• Staff had appropriate knowledge of treating older people including their psychological, mental and communication needs.

People with long-term conditions:

  • There were systems in place to enable patients with long-term conditions to have an annual review to check their health and medicines needs were being met.
  • For patients with the most complex needs, the GP worked with other health and care professionals to deliver a coordinated package of care.
  • Staff who were responsible for reviews of patients with long term conditions had received specific training.
  • The practice was piloting the FENO machine project (FENO testing is used to diagnose and monitor patients with asthma). To improve diagnostic accuracy and reduce inappropriate prescribing for asthma.
  • The practice’s performance on quality indicators for long term conditions was in line with local and national averages.

Families, children and young people:

  • Childhood immunisation uptake rates were above the target percentage of 90% or above. For example, the percentage of children aged 1 who have completed a primary course of immunisation for Diphtheria, Tetanus, Polio, Pertussis, Haemophilus influenza type b was 98%.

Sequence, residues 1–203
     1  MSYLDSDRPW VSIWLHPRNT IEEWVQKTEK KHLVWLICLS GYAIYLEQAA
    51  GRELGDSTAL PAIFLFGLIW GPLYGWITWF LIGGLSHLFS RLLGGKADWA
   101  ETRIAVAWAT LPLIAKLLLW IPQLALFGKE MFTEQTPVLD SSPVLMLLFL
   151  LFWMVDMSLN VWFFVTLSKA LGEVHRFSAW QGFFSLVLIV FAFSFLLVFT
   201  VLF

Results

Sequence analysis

• The practice reviewed immunisation rates and increased uptake by offering flexible appointments. A specific flu clinic for children was held to allow for this immunisation and to allow for any other immunisations required.
  • The practice had arrangements for following up failed attendance of children’s appointments following an appointment in secondary care or for immunisation.

Working age people (including those recently retired and students):

  • The practice’s uptake for cervical screening was 79%, which was below the 80% coverage target for the national screening programme. To increase coverage the practice offered early morning and evening appointments and publicised the importance of this screening at the practice. A reminder letter was also sent to women.
  • The practice’s uptake for breast and bowel cancer screening was in line with the national average.
  • Patients had access to appropriate health assessments and checks. There was appropriate follow-up on the outcome of health assessments and checks where abnormalities or risk factors were identified.